Bush tries new approach with Iran

July 17, 2008 5:35:19 PM PDT
The Bush administration is changing course on Iran in its final months. The hope is that engagement can jolt a stagnant effort to resolve concerns about Tehran's disputed nuclear program where war drums could not. The U.S. has shifted from its long-standing confrontational policy of isolating Iran in favor of a diplomatic approach that resembles the direction taken to get North Korea to give up its atomic arms.

The administration will, for the first time, send a senior envoy to talks with Iran's chief nuclear negotiator. Until the weekend meeting in Switzerland, the U.S. has insisted it would not speak with the Iranians until they end the suspect activities.

In addition, the administration is floating a proposal to open a de facto U.S. Embassy in Tehran. U.S. diplomats would go to Iran for the first time in nearly 30 years since the countries broke relations after the 1979 Islamic revolution.

Neither move guarantees results. There are still hawks who oppose the tactical switch, still underpinned by broad penalties against Iran and President Bush's refusal to rule out any option, including force, to keep Iran from developing the bomb.

But officials who have championed these separate but parallel drives say new, creative ideas must be tried if the threat posed by Iran is to be contained or eliminated by the end of Bush's second term in January.

Secretary of State Condoleezza Rice and her new third-in-command at the State Department, William Burns, have been among the most vocal proponents of the new direction, officials say. Burns will represent the U.S. at Saturday's meeting with Iranian negotiator Saeed Jalili in Geneva.

Burns will then meet with Rice on Monday in Abu Dhabi where they will brief senior Arab officials wary of Iran's intentions on the latest developments.

Rice said Thursday the administration's decision to send Burns to the talks proves that the United States is committed to diplomacy and shows that the world is united in trying to deal with Iran's nuclear program. That program, along with recent military muscle flexing in the Persian Gulf, has spiked tensions and spooked oil markets.

"The point that we're making is the United States is firmly behind this diplomacy, firmly behind and unified with our allies and hopefully the Iranians will take that message," she told reporters. "It's going to be very clear to them" that the group of five permanent members of the U.N. Security Council - Britain, China, France, Russia and the United States - and Germany, and other countries are united.

The six-nation group has offered Iran incentives to halt activities that could lead the development of nuclear weapons. If Iran declines the offer, as it has done with previous ones, it will face new penalties.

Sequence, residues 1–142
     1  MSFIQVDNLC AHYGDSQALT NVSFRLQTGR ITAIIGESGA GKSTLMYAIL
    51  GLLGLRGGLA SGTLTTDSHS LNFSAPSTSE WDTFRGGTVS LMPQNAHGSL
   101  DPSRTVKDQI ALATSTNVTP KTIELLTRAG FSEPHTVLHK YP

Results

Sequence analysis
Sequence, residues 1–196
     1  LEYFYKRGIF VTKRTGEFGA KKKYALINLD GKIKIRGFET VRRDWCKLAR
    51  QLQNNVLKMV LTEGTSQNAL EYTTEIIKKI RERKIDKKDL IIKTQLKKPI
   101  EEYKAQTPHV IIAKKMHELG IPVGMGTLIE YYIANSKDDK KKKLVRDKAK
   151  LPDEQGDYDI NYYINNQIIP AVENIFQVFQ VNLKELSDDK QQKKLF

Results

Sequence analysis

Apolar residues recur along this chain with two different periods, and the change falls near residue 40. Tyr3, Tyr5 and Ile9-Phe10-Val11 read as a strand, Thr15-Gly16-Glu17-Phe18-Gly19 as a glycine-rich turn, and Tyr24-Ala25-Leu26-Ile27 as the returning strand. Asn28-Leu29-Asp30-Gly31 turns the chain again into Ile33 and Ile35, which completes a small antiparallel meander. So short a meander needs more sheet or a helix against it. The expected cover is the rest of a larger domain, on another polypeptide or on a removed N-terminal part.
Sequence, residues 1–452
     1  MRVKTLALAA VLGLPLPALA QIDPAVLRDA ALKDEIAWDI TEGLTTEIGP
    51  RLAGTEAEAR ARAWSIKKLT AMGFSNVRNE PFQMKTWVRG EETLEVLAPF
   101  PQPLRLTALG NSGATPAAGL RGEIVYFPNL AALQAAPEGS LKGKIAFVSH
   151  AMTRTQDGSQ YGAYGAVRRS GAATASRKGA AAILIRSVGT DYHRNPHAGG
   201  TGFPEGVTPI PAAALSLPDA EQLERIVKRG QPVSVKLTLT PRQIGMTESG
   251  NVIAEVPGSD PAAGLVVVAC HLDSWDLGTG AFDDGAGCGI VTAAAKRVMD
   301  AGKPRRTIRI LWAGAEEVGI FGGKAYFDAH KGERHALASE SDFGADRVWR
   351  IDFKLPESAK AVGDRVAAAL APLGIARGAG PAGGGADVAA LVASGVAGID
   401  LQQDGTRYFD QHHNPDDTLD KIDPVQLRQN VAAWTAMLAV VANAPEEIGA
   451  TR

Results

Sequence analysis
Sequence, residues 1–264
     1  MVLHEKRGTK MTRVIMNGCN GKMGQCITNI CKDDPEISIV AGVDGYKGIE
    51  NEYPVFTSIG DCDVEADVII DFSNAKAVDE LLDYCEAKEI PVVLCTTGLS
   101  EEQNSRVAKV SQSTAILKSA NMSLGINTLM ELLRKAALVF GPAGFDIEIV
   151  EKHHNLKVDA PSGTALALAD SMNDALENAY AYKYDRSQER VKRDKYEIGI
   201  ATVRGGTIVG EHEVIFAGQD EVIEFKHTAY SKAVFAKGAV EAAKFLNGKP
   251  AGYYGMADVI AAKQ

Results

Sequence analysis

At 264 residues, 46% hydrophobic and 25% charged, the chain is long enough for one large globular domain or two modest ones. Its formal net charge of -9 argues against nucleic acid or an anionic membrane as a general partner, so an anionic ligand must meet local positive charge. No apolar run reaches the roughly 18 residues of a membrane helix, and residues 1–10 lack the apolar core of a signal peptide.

Officials say Burns will be listening, not negotiating, at the meeting that they insist is a "one-time event." But his mere presence signals a significant change in Bush's approach toward Iran, a charter member of what he termed the "axis of evil" in 2002.

Bush has chosen different routes in dealing with the other two members of that group: The U.S. invaded Iraq in 2003 and embarked on tortuous negotiations to rid North Korea of nuclear weapons. The latter effort will come into sharper focus next week when Rice meets senior Asian officials, possibly including the North Korean foreign minister, in Singapore after her stop in Abu Dhabi.

The White House insists it will not negotiate with Iran as it has with North Korea until Tehran halts enriching and reprocessing uranium. But it is supporting an effort led by European Union foreign policy chief Javier Solana that would allow early talks with others in six-nation group before such a step.

Iran has rebuffed the attempt to persuade it to stop enrichment and reprocessing, which can produce the key ingredient for atomic weapons, and insists its nuclear program is designed only to produce power. Others, particularly the United States and Israel, maintain it is a cover for weapons development.

Amid discussions on the incentives plan presented to Iran last month, Rice and Burns have pushed for the administration to open an "interest section" in Tehran, similar to the one it operates in Havana that would allow for greater U.S. outreach to the Iranian people.

"We want to have people-to-people contact with the Iranian people," State Department spokesman Sean McCormack said Thursday.

Despite reports that an announcement of such a move could come within a month, senior officials familiar with the proposal say no decision has yet been made and that the idea, which The Associated Press reported last month, remains under active consideration.

Since the proposal became public in June, Iranian President Mahmoud Ahmadinejad has said his government would be willing to consider a request from the United States to establish a diplomatic outpost in Tehran. The United States has yet to make such a request, officials said.